A new telescope study of Hygia – the fourth largest object in the main asteroid belt – suggests that it is a dwarf planet, due to its surprisingly spherical shape.
Discovered in 1849 by the Italian astronomer Aniballe de Gasparis, Higia is located in the main asteroid belt between Mars and Jupiter. This is the fourth largest object in the belt, with Ceres, Vesta and Palace being the only larger ones (of the three, only Ceres is a dwarf planet ). Despite its size, Hygia remains a poorly researched site and is easily the most mysterious of the big four.
A new study published today in Nature Astronomy revisits much of what we know about Hygia, including its shape, size, rotation, and origin history. The study, led by astronomer Pierre Vernaca of Laboratoire d & Astrophysique de Marseille in France, was made possible by recent observations made by the European Space Agency's SPHERE Instrument on the Very Large Telescope (VLT) in the Chilean Atacama Desert.
Most importantly, new research indicates that the state of Hygiene needs to be improved from an asteroid to a dwarf planet. If that happens, Hygia will replace Ceres as the smallest dwarf planet in our solar system.
According to criteria developed by the International Astronomical Union (IAU) in 2006, a celestial object must satisfy four requirements in order to earn its designation as a dwarf planet: it must be in its own orbit around the Sun, cannot be the moon, vacuuming other material in close proximity and achieving "hydrostatic equilibrium" – in other words, mostly a spherical shape with enough gravity to overcome a solid, irregular shape.New research suggests that Hygiene is fulfilled la all four of these requirements, including hydrostatic equilibrium.
"Comparing the sphericity of Hygia with that of other objects of the solar system, it seems that Hygia is almost as spherical as Ceres, which opens the possibility of reclassifying this object.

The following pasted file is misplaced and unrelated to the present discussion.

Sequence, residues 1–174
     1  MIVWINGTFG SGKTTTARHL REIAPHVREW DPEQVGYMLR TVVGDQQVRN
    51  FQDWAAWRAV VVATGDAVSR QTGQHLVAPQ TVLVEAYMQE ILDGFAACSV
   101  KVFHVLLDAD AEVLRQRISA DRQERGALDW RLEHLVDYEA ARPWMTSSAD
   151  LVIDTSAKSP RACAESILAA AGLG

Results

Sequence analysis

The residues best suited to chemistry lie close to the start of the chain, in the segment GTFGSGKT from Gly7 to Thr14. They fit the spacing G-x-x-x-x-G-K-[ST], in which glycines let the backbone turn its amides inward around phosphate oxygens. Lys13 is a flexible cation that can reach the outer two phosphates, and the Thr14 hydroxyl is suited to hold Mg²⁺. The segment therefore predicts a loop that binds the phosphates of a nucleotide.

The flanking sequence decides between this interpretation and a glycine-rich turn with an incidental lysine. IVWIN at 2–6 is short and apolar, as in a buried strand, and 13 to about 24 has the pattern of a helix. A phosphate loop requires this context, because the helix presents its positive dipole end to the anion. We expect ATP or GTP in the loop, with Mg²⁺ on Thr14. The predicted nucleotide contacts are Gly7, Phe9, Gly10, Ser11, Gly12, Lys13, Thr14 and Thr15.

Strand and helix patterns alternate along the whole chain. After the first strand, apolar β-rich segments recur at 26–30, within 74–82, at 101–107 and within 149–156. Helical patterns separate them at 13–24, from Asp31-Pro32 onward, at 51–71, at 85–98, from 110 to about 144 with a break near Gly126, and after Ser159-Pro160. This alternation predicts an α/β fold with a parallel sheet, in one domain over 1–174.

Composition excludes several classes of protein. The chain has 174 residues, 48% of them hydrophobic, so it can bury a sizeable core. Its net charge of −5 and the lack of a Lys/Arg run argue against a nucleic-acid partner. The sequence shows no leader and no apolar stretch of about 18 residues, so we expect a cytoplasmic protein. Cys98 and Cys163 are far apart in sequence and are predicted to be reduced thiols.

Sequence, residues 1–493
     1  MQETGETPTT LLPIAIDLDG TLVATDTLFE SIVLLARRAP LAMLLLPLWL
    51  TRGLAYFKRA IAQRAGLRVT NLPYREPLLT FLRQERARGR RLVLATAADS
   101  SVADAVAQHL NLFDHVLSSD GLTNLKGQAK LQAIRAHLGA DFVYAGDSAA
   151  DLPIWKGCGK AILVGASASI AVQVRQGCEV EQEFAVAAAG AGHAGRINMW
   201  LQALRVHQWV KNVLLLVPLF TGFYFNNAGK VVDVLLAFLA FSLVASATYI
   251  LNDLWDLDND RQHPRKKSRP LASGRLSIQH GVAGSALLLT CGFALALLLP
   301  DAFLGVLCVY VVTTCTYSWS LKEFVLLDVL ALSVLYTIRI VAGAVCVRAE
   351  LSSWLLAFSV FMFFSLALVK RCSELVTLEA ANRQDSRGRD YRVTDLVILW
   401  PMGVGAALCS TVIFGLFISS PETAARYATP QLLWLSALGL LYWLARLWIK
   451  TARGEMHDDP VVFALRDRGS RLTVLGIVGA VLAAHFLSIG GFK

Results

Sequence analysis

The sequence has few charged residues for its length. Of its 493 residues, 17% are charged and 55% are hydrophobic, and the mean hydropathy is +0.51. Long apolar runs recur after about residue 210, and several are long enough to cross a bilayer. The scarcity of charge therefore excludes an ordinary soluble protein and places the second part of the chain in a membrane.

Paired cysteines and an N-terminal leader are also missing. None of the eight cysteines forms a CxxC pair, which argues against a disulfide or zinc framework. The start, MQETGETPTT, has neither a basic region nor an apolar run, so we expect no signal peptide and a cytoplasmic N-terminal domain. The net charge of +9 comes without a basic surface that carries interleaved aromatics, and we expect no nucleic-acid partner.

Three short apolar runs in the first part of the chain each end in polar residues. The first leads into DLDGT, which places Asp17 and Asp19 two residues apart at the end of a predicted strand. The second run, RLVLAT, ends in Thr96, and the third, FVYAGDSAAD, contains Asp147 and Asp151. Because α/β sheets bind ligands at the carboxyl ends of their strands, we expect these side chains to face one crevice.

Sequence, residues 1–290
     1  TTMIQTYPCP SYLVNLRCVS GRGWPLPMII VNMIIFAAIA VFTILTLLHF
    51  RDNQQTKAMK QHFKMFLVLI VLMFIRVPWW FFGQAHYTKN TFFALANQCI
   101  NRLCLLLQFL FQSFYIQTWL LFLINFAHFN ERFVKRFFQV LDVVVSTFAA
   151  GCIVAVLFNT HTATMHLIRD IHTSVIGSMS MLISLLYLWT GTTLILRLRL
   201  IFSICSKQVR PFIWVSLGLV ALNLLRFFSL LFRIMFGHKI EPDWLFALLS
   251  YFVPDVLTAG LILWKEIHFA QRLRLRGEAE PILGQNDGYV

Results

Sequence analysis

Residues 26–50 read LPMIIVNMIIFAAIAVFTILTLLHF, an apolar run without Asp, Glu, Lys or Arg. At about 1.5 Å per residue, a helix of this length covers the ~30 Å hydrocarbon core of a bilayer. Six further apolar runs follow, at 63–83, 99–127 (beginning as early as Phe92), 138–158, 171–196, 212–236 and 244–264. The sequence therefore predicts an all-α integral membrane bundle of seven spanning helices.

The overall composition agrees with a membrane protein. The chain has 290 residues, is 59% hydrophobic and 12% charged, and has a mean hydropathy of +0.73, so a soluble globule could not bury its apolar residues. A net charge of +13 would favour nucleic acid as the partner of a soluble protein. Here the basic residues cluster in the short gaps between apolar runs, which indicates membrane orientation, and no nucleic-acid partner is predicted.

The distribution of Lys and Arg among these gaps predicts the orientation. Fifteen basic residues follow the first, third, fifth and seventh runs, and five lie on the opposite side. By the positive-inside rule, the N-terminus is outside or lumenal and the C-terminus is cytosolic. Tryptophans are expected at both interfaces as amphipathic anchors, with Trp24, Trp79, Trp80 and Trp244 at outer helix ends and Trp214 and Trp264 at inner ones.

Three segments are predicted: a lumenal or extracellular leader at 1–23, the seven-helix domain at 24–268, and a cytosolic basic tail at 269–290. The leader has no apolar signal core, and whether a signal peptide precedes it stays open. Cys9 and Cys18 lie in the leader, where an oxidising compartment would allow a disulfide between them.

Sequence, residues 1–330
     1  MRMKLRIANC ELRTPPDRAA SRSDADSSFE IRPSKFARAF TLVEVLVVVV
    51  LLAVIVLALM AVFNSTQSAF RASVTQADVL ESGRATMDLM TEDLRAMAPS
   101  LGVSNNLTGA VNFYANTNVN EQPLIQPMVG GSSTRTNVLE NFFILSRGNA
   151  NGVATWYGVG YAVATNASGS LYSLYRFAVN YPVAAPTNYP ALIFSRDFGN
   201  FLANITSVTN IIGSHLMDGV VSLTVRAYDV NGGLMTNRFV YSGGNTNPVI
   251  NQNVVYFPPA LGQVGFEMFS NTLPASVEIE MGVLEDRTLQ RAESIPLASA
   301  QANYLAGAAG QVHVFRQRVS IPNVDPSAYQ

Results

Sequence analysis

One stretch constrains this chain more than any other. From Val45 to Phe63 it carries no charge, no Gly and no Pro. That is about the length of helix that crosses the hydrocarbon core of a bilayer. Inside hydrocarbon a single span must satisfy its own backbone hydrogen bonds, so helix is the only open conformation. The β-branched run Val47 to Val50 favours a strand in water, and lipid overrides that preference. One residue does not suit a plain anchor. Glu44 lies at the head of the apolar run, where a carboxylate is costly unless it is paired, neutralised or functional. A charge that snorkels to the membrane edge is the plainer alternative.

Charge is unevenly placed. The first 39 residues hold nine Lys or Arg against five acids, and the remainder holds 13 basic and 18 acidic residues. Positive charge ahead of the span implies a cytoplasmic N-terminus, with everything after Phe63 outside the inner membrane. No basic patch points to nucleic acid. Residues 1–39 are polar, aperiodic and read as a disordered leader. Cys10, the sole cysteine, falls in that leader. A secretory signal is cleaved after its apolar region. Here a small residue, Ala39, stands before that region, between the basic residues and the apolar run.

An improved estimate of Hygia's diameter places its latitude at 430 kilometers (267 miles). For comparison, Pluto and Ceres – two other dwarf planets – have diameters of 2,400 kilometers (990 miles) and 950 kilometers (590 miles), respectively. The revised estimate of the site rotation period shows that one day of Hygiene lasts 13.8 hours, which is approximately half of the previous estimate.
Two relatively small craters were observed on the surface, one about 180 kilometers (112 miles) wide and the other about 97 kilometers (60 miles). Going into the project, astronomers expected to find a massive crater associated with the origin of the object. Hygiea is the largest member of the Hygiea family of asteroids – a collection of nearly 7,000 objects related to the same parent body. Accordingly, scientists expected to see a large impact pool on Hygia, similar to that found in Vesta with a diameter of approximately 500 kilometers (310 miles).
"Neither of these two craters could be caused by the effects of asteroids of the Higia family, whose volume is comparable to that of a 100-kilometer site [60 miles]. They are too small, ”says Miroslav Broz, co-author of the new book and research at the Astronomical Institute at Charles University in Prague, Czech Republic, in an ESA release.
Using computer simulations, researchers showed that the family of asteroids from Hygiea could be generated by massive collision collisions between 75 to 150 kilometers (46 to 93 miles). The resulting collision wipes out Hygia's parent body (which, as noted, was about 100 kilometers or 62 miles wide). But through the eons, much of the resulting waste is re-assembled to form (mostly) a sphere-shaped object that we see today. According to the collision, this collision happened more than 2 billion years ago.
In the future, the IAU will have to decide whether Hygiea should be granted dwarf planet status. Perhaps more importantly, Hygias, with its relatively fresh surface, differs from other major belt objects, including Vesta and Ceres, making it a mandatory target for further exploration and possibly even a robotic mission.